The International Monetary Fund (IMF) foresees a 2.5% drop in Argentina's GDP and warned that the program between the South American country and the credit agency was in a critical state, barely over one week ahead of the presidential elections.
After a vigorous post-pandemic recovery and resilience earlier this year, economic growth in Latin America and the Caribbean is projected to moderate from 4.1% in 2022 to 2.3% in 2023. Excluding Argentina and Venezuela, the organization also foresees a downward trend in inflation in the region, where it is projected to stand at 5% on average in 2023, down from 7.8% in 2022.
The IMF's Economic Outlook for the Americas released Friday in Marrakech, Morocco, also states that the retraction in Argentina's economic activity was due to the severe drought but a 2.8% expansion was projected for 2024.
The IMF projects that inflation in Argentina will reach 137.5% by the end of the year, although it will depend on the evolution of the exchange rate pass-through and the degree of policy tightening.
The report also warns that downside risks continue to dominate the outlook, reflecting the fragile economic and social situation, election-related uncertainties, and vulnerability to external shocks.
Hence, the IMF finds that strong implementation and ownership of the IMF-supported program will be critical to safeguard stability and address persistent macroeconomic imbalances. All in all, inflation would be reduced to 69.5% by the end of 2024.
Regarding public accounts, government primary spending is projected to fall from 39.6% of GDP in 2020 to 35.4% this year and 35.1% next year amid a reduction of the primary deficit from 1.8% of GDP in 2022 to 1.6% this year and 0.5% next year. It also contemplates a reduction in the government's gross debt from 89.5% of GDP in 2023 to 79.9% in 2024.
The report also points out that the vast reserves of critical minerals for the energy transition available in the region represent an opportunity to boost trade and production. Growing global demand for these minerals is expected to benefit South American countries with large reserves, including Chile, Peru, Brazil, Mexico, and Argentina.
Latin America has successfully weathered recent global shocks and had a solid performance in 2022 and early 2023, although growth is weakening argued Rodrigo Valdes, Director of the IMF's Western Hemisphere Department.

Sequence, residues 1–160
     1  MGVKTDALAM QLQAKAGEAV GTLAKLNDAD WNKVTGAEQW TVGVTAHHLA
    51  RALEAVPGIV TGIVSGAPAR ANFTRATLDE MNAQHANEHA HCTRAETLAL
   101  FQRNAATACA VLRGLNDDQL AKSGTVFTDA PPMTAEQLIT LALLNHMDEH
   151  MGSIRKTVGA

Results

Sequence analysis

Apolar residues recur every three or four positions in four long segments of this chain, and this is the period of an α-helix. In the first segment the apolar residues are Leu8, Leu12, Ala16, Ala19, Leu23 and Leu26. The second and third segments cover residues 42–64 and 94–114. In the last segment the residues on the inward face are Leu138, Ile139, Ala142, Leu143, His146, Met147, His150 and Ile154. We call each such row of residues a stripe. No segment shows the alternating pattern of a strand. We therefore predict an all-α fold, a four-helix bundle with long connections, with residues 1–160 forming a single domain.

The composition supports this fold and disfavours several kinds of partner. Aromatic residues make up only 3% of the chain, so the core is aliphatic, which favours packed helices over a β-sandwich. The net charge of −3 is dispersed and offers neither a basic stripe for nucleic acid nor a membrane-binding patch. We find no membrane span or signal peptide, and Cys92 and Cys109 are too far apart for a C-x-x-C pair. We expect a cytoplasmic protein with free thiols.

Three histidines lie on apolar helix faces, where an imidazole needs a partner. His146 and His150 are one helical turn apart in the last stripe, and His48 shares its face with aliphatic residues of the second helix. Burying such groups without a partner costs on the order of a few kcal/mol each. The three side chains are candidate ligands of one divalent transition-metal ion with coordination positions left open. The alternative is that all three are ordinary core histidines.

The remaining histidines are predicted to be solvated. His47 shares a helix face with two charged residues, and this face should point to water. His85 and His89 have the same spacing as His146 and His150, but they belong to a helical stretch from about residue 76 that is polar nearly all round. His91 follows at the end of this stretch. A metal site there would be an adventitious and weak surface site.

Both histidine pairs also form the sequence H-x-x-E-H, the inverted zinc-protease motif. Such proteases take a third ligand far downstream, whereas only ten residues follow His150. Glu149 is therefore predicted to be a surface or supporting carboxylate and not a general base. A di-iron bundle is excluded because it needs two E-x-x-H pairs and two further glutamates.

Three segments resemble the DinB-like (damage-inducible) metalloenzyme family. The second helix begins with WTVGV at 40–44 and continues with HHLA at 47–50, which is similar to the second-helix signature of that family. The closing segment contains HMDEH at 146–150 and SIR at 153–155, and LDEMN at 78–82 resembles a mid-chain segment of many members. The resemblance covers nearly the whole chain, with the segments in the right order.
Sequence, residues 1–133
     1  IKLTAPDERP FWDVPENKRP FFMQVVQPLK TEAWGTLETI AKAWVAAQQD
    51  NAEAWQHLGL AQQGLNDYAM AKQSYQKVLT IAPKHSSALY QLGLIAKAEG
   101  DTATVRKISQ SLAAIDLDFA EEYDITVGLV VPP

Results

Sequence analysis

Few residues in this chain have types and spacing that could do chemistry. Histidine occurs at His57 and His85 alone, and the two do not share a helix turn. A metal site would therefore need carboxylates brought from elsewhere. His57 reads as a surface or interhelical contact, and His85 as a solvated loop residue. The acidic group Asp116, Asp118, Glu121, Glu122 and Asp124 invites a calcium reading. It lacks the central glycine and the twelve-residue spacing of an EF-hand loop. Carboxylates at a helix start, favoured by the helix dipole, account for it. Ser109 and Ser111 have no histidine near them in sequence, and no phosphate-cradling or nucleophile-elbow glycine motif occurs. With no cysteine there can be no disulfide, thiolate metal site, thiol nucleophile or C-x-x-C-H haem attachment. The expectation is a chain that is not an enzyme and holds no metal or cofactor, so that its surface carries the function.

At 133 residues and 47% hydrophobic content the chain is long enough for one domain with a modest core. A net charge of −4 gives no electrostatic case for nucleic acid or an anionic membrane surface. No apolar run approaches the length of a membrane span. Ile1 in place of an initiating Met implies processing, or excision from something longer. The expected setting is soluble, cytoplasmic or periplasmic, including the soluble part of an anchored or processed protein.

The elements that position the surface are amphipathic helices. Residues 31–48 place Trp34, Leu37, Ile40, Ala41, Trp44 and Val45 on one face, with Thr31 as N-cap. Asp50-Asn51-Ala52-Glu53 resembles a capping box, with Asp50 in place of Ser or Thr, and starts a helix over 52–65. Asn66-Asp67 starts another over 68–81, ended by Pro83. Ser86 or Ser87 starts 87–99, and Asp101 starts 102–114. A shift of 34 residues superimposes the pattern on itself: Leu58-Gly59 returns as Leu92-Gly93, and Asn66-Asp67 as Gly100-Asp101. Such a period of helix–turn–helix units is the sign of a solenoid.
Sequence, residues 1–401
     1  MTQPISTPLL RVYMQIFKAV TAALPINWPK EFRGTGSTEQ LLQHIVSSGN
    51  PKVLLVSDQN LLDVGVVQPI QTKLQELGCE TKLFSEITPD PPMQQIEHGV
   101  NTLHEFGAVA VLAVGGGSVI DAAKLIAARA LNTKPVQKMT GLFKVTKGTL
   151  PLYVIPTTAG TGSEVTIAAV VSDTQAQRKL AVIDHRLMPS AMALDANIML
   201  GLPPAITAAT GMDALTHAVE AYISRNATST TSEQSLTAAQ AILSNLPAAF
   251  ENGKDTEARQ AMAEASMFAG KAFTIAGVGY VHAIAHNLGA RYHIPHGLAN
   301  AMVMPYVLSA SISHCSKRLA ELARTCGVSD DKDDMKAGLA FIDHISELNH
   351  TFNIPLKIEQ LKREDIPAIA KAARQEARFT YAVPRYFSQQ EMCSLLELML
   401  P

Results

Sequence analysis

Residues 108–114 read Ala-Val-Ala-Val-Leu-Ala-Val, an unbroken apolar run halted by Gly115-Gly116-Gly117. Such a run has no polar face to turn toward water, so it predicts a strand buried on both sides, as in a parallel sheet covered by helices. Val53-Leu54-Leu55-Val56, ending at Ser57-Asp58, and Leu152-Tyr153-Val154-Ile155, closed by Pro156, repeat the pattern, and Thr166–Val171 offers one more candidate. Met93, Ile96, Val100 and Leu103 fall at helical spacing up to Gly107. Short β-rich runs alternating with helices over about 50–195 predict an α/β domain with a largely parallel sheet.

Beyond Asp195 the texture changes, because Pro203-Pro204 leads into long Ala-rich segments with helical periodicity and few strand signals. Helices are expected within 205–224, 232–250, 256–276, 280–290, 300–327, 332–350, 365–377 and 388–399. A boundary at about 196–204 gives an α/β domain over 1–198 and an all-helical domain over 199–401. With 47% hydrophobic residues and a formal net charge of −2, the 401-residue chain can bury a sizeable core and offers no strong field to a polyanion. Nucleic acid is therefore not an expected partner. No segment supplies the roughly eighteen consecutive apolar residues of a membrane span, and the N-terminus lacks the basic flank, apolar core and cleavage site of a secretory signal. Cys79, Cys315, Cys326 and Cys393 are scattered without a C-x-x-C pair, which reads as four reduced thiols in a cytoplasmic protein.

He explained that The slowdown is the result of tighter policies adopted to contain inflation and the deterioration of the external environment, reflected among other things in slower growth in trading partners, less favorable external financing conditions, and lower commodity prices.
External threats include slower growth in major trading partners, commodity price volatility, renewed inflationary shocks, a return of turbulence in global financial markets, and an intensification of geopolitical tensions. At a regional level, the main risks relate to a possible resurgence of inflationary pressures and heightened social tensions.
The Fund also believes that climate-related shocks pose significant challenges in the short and medium term, especially for Central America, Panama, and the Dominican Republic, and for the Caribbean as the region needs to brace for El Niño, a climatic phenomenon that could negatively affect economic activity, generating floods in Ecuador and northern Peru, and droughts in Colombia, Central America, and southern Peru. Fortunately, countries such as Argentina, Paraguay, and Uruguay could benefit from a much-needed increase in rainfall.
Medium-term growth prospects for Latin America remain moderate. Globally, emerging and developing economies are projected to grow by 4.4% on average, while the region's GDP is expected to expand annually by about 2.5%, in line with its historical average before the pandemic.
The Fund notes that promoting sustainable and inclusive growth requires addressing long-standing structural problems, adapting to new challenges, and strengthening social cohesion.